The Interplay Between Personal and Business Bankruptcy

There is usually a sharp distinction between personal bankruptcy and business bankruptcy. Certain types of bankruptcy are only available to individuals, and individual debtors filing for bankruptcy may face stricter qualification requirements than businesses. 

Despite the clear demarcation between these two types of bankruptcy, however, there can be some overlap between them, especially when small and closely held businesses are involved: 

  • If you operate your business as a sole proprietorship, filing for personal bankruptcy also includes your business, since your business is not a distinct legal entity. This means you may have to liquidate many of your business assets, although the trustee may continue to operate your business for a period of time. You may also be able to keep your business running by electing Chapter 13 or Chapter 11 relief. 
  • If your business is incorporated, filing for business bankruptcy usually does not directly affect your personal finances, but it can affect your ability to receive income from your business. 
  • If you own an incorporated business and file for personal bankruptcy, it usually does not affect your business directly. However, you may be required to sell your interest in the business to pay back your creditors. 

These issues are closely related and often occur in tandem. After all, a struggling business usually leads to difficult personal finances, as well. Fortunately, there may be options available that could allow you to avoid liquidating your business and even continue operations during the bankruptcy process. Experienced bankruptcy attorneys understand not only the particularities of business and personal bankruptcy, but also the many ways in which the two processes can influence each other when they occur in tandem or in close succession.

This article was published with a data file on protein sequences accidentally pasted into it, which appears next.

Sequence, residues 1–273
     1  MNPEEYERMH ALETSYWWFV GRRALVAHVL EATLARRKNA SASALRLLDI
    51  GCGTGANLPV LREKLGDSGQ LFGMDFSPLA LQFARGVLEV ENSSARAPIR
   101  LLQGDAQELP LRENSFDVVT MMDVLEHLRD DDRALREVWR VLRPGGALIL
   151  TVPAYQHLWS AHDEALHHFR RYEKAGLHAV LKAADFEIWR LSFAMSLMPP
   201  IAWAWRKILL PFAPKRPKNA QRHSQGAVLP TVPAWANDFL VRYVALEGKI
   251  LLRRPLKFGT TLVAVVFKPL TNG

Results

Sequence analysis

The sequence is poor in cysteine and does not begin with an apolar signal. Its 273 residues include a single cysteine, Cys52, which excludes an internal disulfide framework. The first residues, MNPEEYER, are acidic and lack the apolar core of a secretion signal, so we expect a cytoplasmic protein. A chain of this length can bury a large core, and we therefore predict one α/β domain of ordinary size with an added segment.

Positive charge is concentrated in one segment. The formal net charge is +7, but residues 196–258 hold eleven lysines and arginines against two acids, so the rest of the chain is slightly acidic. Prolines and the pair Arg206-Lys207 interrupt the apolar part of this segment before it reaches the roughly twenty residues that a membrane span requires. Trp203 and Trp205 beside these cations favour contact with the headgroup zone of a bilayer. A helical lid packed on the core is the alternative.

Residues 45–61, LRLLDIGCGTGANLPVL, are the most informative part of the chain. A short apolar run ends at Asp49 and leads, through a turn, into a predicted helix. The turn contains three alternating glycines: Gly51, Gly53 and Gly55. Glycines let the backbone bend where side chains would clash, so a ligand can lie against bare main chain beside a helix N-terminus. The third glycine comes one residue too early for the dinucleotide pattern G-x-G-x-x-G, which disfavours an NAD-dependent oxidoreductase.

If you are overwhelmed by debt and considering bankruptcy, contact Certified Specialist in Bankruptcy Law, Max Gardner of The Law Offices of Young Wooldridge for a free consultation.      

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There is usually a sharp distinction between personal bankruptcy and business bankruptcy. Certain types of bankruptcy are only available to individuals, and individual debtors filing for bankruptcy may face stricter qualification requirements than businesses. 

Despite the clear demarcation between these two types of bankruptcy, however, there can be some overlap between them, especially when small and closely held businesses are involved: 

  • If you operate your business as a sole proprietorship, filing for personal bankruptcy also includes your business, since your business is not a distinct legal entity. This means you may have to liquidate many of your business assets, although the trustee may continue to operate your business for a period of time. You may also be able to keep your business running by electing Chapter 13 or Chapter 11 relief. 
  • If your business is incorporated, filing for business bankruptcy usually does not directly affect your personal finances, but it can affect your ability to receive income from your business. 
  • If you own an incorporated business and file for personal bankruptcy, it usually does not affect your business directly. However, you may be required to sell your interest in the business to pay back your creditors. 

These issues are closely related and often occur in tandem. After all, a struggling business usually leads to difficult personal finances, as well. Fortunately, there may be options available that could allow you to avoid liquidating your business and even continue operations during the bankruptcy process.